After busy 2013, ILS market sweet spot expected to broaden: Munich Re

by Artemis on January 20, 2014

2013 was the most active year ever for issuance of insurance-linked securities (ILS) and catastrophe bonds. After a busy year, with spreads down, the ILS market is expected to broaden its sweet spot in 2014, according to Munich Re.

The Risk Trading Unit of reinsurer Munich Re, , the world’s largest reinsurance firm, has published its fourth-quarter 2013 ILS and catastrophe bond market report today. In its report, the reinsurer looks back at a busy last quarter and year of ILS and cat bond issuance, Artemis recorded 36 transactions in the Deal Directory, discusses some of the trends seen in the market and provides an outlook for ILS in 2014.

The last quarter of 2013 saw a busy period of issuance, with U.S. perils dominating issuance in the quarter. Artemis recorded $1.88 billion of issuance in Q4 which helped to top off the most active year on record in terms of the number of transactions issued.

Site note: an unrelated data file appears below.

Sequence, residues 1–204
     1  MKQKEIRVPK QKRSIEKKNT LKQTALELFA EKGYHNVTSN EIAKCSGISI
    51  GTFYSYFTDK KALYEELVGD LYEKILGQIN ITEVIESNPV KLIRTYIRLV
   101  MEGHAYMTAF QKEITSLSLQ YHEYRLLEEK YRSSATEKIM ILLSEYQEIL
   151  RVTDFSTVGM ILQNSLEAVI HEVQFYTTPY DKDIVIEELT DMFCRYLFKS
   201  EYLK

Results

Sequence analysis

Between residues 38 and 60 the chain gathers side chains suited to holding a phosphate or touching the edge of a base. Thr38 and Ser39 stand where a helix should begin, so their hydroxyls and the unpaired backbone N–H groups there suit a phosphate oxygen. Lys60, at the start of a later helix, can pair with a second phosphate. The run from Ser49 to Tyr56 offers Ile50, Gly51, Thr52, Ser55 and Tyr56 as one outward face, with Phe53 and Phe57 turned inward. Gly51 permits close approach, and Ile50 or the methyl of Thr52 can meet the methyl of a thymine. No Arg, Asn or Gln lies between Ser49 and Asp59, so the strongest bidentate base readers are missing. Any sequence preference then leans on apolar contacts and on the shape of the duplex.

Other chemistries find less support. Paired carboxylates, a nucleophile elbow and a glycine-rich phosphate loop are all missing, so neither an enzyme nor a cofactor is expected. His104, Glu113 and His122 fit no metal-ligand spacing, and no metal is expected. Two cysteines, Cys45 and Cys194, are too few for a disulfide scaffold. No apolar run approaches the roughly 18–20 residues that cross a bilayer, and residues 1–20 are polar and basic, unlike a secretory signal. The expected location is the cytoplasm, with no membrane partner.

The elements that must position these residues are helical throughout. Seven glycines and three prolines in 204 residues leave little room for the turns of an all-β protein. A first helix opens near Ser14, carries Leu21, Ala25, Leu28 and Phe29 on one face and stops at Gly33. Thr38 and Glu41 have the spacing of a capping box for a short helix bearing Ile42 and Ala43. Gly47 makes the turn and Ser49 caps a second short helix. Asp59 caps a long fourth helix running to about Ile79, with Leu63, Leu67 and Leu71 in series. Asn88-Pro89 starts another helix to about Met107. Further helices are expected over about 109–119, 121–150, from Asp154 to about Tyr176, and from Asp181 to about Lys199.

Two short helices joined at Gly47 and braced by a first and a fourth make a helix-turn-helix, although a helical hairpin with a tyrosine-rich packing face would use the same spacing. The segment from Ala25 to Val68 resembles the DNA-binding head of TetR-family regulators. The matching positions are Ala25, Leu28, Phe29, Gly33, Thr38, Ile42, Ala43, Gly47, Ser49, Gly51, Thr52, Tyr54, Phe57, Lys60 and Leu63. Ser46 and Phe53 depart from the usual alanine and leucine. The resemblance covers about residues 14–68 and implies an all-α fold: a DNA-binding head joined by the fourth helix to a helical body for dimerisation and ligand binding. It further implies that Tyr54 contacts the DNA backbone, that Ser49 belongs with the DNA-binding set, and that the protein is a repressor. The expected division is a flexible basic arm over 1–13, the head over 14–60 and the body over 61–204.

Munich Re highlights that repeat sponsors USAA, AIG and Argo all chose to leverage cat bond capacity as part of their renewals. Munich Re itself helped to structure Australian insurer QBE’s first cat bond deal, VenTerra Re during the quarter and arranged its subsidiary American Modern Insurance Group’s Queen City Re cat bond as well.

Munich Re counted 33 ILS and cat bond transactions, with an average size of $170m per tranche in 2013, which adds up to $7.5 billion of issuance.

Munich Re said; “As pension funds have allocated substantial capital to this sector over the last two years, strategic sponsors are now able via large-scale transactions to benefit from their long-time efforts to build up and develop this market.”

Some insurers and reinsurers accessed the cat bond and ILS market for the first time in 2013, choosing to make the most of excess liquidity among ILS funds to capitalise on market conditions, said the reinsurer.

Issuance in 2013 far exceeded maturities, Munich Re said that $3.8 billion of new capital inflow during the year has helped to lift the total size of the ILS market in terms of non-life capacity to over $19 billion. U.S. perils continue to dominate this market, with U.S. wind contributing more than 50% of total outstanding capacity, based on contribution to expected loss.